This is why I say The Daily Doom gives you the news before it happens. I predicted those moves at the start of last year for later in the year and started reporting last summer on the areas where you could see them incrementally creeping back into the data, saying eventually they would break the surface. Now they have done so noticeably enough that the mainstream media is capable of seeing those moves, too. That, or they always were capable, but just didn’t have to report it until it started becoming this obvious. For the most part, I think the writers are chickens or not too thoughtful who just parrot what they are being told. These are now the big people who are joining my marginal (at best) voice:

"While January data are often noisy, the inflation data do suggest that disinflation took two steps back in January," Bank of America US economists Stephen Juneau and Michael Gapen wrote in a note to clients on Friday.

I agree that January data are often noisy, and I don’t expect the big changes from January to continue in such a pronounced way. Jobs will probably revert back to the kinds of government-fogged readings we’ve had, while inflation will continue to rise. GDP, supremely pumped up by fascist economics as it is, will have a hard time going actually negative to match down to the far more truthful GDI (where I found others in agreement in my last Deeper Dive).

Almost no one believes in March or May rate cuts anymore, and June may be ambitious, unless the economy blows up in March, which is far from unlikely; but that is a whole different kind of pivot than the one that markets have fantasized for. That means grave economic disruption of the kind that is never good for markets—not the soft-landing stuff that dreams are made of.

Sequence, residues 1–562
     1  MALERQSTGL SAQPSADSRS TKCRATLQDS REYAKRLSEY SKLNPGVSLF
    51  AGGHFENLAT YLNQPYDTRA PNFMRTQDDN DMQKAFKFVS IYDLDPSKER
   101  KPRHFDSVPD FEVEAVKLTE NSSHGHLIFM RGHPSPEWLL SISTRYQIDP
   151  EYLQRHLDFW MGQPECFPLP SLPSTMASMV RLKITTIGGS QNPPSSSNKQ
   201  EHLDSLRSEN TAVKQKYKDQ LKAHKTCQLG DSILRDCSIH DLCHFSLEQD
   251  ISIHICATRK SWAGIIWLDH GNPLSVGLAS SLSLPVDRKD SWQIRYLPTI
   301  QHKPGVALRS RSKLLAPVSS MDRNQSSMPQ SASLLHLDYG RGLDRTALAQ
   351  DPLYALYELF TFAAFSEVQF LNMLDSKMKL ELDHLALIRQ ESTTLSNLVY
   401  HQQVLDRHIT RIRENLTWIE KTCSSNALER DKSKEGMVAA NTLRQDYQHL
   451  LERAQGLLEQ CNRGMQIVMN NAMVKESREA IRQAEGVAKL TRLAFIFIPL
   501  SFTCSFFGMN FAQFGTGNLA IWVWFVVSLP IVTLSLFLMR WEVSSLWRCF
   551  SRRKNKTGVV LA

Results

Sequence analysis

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In fact, the change in narrative has swept so strongly in the direction I’ve said things would go that even Zero Hedge, proponent of the “Fed pivot” for well over a year and half, has joined me on the surprising claim I made in my last Goldseek Radio interview and repeated in the one that will be published next: The Fed is far more likely to raise rates in March than cut them. ZH is the only other publication I know now venturing that possibility. You probably won’t be able to read the article because it is available only to their premium subscribers (and I am not one), but I think we can get the gist of it from the title:

Is The Fed's Next Move A Rate Hike?

My surprising (I think stand-alone) claim in those radio interviews was that a March rate hike was FAR more likely than a March rate cut, though I also said I doubted the Fed had the nerve to do that; but that is what its data and the market mania will be telling it it should do. Nice to see ZH finally on board with me, though they still couldn’t resist saying in the lead-in to that article that Powell had made a “stunning dovish pivot” in his November speech.